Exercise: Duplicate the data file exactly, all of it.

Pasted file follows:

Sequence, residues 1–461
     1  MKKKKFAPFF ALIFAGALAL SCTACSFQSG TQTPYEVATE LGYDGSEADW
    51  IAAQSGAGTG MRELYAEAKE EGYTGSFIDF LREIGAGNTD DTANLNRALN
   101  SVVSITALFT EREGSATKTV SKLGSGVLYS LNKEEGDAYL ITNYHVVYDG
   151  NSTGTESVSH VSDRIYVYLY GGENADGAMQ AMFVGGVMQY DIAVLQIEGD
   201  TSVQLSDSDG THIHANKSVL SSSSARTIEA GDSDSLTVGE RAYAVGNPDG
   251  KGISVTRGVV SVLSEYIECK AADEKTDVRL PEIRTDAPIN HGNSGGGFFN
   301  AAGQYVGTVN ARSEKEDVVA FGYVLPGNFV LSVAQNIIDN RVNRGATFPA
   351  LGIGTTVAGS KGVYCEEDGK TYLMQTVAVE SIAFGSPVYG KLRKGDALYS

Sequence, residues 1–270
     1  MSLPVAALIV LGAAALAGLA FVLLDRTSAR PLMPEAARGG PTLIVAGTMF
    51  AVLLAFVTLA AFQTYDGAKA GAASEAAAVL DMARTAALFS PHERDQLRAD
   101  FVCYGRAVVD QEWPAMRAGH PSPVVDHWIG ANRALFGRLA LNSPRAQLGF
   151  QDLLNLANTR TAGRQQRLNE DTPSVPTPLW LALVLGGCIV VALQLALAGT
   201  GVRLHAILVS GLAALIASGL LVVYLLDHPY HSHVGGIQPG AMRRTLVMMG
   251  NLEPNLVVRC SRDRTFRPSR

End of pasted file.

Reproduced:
Sequence, residues 1–461
     1  MKKKKFAPFF ALIFAGALAL SCTACSFQSG TQTPYEVATE LGYDGSEADW
    51  IAAQSGAGTG MRELYAEAKE EGYTGSFIDF LREIGAGNTD DTANLNRALN
   101  SVVSITALFT EREGSATKTV SKLGSGVLYS LNKEEGDAYL ITNYHVVYDG
   151  NSTGTESVSH VSDRIYVYLY GGENADGAMQ AMFVGGVMQY DIAVLQIEGD
   201  TSVQLSDSDG THIHANKSVL SSSSARTIEA GDSDSLTVGE RAYAVGNPDG
   251  KGISVTRGVV SVLSEYIECK AADEKTDVRL PEIRTDAPIN HGNSGGGFFN
   301  AAGQYVGTVN ARSEKEDVVA FGYVLPGNFV LSVAQNIIDN RVNRGATFPA
   351  LGIGTTVAGS KGVYCEEDGK TYLMQTVAVE SIAFGSPVYG KLRKGDALYS

Sequence, residues 1–270
     1  MSLPVAALIV LGAAALAGLA FVLLDRTSAR PLMPEAARGG PTLIVAGTMF
    51  AVLLAFVTLA AFQTYDGAKA GAASEAAAVL DMARTAALFS PHERDQLRAD
   101  FVCYGRAVVD QEWPAMRAGH PSPVVDHWIG ANRALFGRLA LNSPRAQLGF
   151  QDLLNLANTR TAGRQQRLNE DTPSVPTPLW LALVLGGCIV VALQLALAGT
   201  GVRLHAILVS GLAALIASGL LVVYLLDHPY HSHVGGIQPG AMRRTLVMMG
   251  NLEPNLVVRC SRDRTFRPSR